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Inspired to share

By Heather Larson Poyner

Cassandra Davis is an articulate 32-year-old with her own Internet blog. She also is non-verbal and a partial quadriplegic, the result of a massive brain stem stroke that occurred when she was 28. Davis has resided at Lakeview Specialty Hospital and Rehab in Waterford since February 2013.

Davis has partial use of all four limbs and communicates via an iPad with a stylus. Due to the nature of Davis’ challenges, she was interviewed through email correspondence. To preserve the nature of the conversation, her story appears in question-and-answer form.

Where were you born and where did you grow up?

I was born in Aurora, Ill. I lived there from age 3 to 9 before we moved to help my grandma at her country house in Walworth.

What is your educational background?

I went to Big Foot High School in Walworth, class of 2000. I was in accelerated and gifted classes since the second grade.

How did your current condition come about?

I was a perfectly healthy, normal 20-something up until I had a massive brain stem stroke. I found out I was born with abnormally narrow arteries, so the blood clot would have passed through unnoticed in anyone else.

How old were you when this happened?

I was 28. It was three weeks before my 29th birthday. I had been at SummerFest the night before, crashed at a friend’s house in Milwaukee and had been rushing to get to work on time. It happened as I was pulling out of my driveway. I was misdiagnosed at (a local walk-in clinic) and (the hospital emergency room in Walworth County) marked me as “nonemergency” so I waited four hours at St. Luke’s for my MRI. As a result, I wasn’t able to get any treatment to break up the clot.

Is it unusual for someone your age to have this occur?

Oh yeah. That’s why I was misdiagnosed. Who looks at a healthy 28-year-old and thinks “stroke”?

What sort of rehabilitation did you undergo?

Extensive rehab. I couldn’t move at all in the first weeks following the stroke. I could blink. I had a stomach tube put in after three days because I couldn’t swallow. I didn’t eat food with my mouth for like a month-and-a-half. Even then it had to be the consistency of baby food. Liquids took much longer but I was determined to drink coffee again!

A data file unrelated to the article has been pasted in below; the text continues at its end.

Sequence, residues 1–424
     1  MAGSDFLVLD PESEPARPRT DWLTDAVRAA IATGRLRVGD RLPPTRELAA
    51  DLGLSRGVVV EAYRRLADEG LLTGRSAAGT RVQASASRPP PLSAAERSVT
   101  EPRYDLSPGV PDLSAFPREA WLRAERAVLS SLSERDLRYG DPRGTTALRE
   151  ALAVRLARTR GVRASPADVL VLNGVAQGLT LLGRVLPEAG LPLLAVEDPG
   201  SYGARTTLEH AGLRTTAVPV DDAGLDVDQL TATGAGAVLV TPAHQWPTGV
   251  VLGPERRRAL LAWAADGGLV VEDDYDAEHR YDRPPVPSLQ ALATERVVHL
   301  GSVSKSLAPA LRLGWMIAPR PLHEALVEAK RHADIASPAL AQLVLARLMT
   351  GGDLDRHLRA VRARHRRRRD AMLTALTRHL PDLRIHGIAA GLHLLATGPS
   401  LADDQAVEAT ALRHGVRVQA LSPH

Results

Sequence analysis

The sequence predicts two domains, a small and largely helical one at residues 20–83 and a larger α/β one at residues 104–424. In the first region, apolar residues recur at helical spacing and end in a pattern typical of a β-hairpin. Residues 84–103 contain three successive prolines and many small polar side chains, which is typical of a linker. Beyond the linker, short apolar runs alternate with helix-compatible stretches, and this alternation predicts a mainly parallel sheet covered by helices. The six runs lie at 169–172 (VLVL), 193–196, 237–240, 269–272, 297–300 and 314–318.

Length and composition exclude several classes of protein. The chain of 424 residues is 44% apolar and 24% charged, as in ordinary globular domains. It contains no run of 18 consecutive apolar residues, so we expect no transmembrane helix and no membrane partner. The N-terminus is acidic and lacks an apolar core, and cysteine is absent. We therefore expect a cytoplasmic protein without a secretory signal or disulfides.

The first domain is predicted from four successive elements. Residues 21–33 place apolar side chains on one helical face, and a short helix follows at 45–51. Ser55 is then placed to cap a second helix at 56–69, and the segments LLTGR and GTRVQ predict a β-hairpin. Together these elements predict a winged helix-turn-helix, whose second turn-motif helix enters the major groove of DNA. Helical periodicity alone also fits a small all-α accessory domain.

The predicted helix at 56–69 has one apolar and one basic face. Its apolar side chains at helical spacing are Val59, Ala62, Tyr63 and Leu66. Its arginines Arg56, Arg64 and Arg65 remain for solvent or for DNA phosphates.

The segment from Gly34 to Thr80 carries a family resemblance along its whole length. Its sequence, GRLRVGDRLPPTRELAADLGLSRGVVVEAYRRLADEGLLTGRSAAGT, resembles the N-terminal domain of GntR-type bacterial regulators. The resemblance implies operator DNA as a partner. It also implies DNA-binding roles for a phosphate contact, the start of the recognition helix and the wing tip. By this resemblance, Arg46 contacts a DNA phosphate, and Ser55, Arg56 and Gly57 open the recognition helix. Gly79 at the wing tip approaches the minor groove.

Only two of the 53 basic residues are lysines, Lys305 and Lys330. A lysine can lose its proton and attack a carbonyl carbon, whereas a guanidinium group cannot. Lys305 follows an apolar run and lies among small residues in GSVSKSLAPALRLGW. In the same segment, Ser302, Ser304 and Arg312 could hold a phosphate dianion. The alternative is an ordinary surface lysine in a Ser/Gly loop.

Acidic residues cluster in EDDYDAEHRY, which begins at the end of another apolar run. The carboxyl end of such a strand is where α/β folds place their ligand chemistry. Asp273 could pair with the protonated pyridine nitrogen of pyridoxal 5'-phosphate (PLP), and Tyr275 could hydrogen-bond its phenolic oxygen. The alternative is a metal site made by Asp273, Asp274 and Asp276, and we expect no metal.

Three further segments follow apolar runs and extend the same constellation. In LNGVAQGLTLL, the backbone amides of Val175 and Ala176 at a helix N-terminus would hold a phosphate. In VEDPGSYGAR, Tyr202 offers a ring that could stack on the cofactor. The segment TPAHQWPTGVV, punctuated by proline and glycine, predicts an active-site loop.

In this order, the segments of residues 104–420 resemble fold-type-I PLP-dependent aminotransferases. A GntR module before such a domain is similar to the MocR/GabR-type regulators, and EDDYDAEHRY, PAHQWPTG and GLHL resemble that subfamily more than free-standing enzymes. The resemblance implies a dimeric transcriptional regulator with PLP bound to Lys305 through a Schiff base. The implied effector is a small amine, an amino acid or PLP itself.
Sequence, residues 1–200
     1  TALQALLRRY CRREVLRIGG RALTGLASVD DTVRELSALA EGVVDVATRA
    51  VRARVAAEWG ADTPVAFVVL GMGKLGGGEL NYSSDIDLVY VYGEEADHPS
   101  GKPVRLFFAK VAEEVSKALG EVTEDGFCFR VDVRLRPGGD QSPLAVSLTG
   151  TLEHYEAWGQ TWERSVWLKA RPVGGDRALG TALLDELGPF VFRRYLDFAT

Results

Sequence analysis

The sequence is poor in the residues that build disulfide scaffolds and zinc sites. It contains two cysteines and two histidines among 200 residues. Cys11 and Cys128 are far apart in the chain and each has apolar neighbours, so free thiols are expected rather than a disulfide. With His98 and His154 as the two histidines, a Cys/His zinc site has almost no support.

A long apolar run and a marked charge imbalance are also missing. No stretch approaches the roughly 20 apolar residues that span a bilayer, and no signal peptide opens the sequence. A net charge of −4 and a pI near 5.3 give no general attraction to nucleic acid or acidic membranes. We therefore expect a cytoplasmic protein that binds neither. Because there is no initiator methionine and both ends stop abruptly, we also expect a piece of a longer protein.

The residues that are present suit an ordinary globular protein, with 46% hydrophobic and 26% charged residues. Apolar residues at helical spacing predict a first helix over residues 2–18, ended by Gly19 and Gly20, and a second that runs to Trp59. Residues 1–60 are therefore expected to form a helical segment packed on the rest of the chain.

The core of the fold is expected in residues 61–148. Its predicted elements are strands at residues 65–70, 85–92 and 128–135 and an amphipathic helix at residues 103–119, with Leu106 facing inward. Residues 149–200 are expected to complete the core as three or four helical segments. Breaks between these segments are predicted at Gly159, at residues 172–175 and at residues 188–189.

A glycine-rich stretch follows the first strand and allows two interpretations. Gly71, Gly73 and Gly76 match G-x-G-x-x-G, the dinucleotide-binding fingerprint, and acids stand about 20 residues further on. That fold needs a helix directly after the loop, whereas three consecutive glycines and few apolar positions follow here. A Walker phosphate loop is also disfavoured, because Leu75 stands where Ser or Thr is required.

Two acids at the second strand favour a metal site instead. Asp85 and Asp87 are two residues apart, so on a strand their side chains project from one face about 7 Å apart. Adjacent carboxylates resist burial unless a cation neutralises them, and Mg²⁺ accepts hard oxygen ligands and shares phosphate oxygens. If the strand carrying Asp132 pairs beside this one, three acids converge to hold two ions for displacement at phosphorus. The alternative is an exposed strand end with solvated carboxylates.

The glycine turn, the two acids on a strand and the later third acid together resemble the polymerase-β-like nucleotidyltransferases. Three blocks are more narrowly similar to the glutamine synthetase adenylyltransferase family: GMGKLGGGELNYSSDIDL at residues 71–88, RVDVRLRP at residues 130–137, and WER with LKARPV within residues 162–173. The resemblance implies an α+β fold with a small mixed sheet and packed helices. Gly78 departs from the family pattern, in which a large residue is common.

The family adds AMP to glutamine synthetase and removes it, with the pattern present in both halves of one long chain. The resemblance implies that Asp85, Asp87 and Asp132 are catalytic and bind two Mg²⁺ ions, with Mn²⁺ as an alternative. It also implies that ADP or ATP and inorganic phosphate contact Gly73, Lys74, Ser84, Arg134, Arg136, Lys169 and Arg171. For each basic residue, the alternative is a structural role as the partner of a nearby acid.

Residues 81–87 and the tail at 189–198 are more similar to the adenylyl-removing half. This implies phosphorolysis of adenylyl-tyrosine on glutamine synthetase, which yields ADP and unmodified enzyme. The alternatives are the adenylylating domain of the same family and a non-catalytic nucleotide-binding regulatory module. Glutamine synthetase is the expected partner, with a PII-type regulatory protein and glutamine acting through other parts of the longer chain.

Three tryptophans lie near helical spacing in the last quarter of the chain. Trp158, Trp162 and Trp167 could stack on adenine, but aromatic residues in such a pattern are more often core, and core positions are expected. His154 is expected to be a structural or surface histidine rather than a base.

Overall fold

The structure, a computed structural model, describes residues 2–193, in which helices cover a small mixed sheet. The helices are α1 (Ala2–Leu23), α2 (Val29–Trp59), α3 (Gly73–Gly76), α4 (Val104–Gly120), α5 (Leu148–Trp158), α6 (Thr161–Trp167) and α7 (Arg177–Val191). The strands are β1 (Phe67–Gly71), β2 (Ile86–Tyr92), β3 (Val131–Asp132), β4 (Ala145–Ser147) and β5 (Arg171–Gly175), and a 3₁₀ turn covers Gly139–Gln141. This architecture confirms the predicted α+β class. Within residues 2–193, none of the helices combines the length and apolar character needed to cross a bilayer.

It was a glorious day when I was finally cleared for thin liquids. Never got the speaking back because my soft palate doesn’t work right.

At first I communicated via letter board. Someone would have to point to each letter, individually, and I’d blink when they got to the right one. I’d spell words that way. Then my best friend, Art, rigged up this laser-pointer headband thing, so I could point straight at letters instead of going through the alphabet. Faster, but still tedious. When my grandpa bought me this iPad it was like I was free!

What inspired you to write a blog?

There are a lot of reasons, I guess. It’s my outlet. I can vent; I can wonder; I can (hopefully) inspire. It’s a way for me to connect with people. I’m a little short on connections these days.

I’ve also found that if I’m sharing publicly it helps me look at things honestly. It’s like, I go back to proof and I can see when I’m not being honest with myself.

I am also a person who needs to believe that everything we go through has a purpose. I’m not religious, but I am spiritual. If my journey helps somebody else, this won’t be for nothing. Since I have NO idea what another person might find helpful, I just share whatever comes to mind.

It’s probably a bit of my ego, too. I think my thoughts matter. I can’t speak; this allows me an opportunity to share. Being truly silenced is something I


want to experience again. We


our opinions, and unless we can express them they might as well not exist. Unless we can express ourselves,


might as well not exist!

Then there are practical reasons, like the chronological documentation of my mental status. Some people have a hard time accepting that my disabilities are limited to the physical. Writing passes the time too — a girl can only play


much online poker.

Finally, I’ve raised $11,000 and I plan on trying the stem cell (adult, not embryonic) treatment to regrow damaged brain tissue as soon as the results are a tad more consistent. I’ve been following the research closely for about two years now and it’s exciting. I want to document my experience, whatever it is, so other people have a way to be like, “Oh, so that’s what I can expect!” I’ve only ever seen the “after,” I’ve never seen “before” or “during recovery” for stem cells in stroke patients.

My blog will be where I share my experience, one day. Hopefully soon.

Have you gotten feedback from blog readers?

Nobody has contacted me directly, but I like to think there’s a lot of silent support out there. Since I write for me, not approval, I don’t obsess, but it’s nice to be encouraged. When I do start recovering I’m optimistic about the feedback increasing though.

What would you like people to know or understand about you?

Mainly that I’m not a child and I’m not mentally impaired. I’m still 100 percent me; I’m just stuck inside a body that doesn’t work.

Also, stare if you must but don’t feel sorry for me. I understand that my life may seem unbearable to some people but when you look at where I was immediately following the stroke, you might understand how grateful I am to be able to do the things I can do — how hard I worked to get to THIS point. I don’t see how much LESS I can do compared to other people, I see how much MORE I can do compared to totally quadriplegic me. Kids are great with that. They might stare because I’m different, but they never treat me as less, just different.

To view Davis’ blog, visit: www.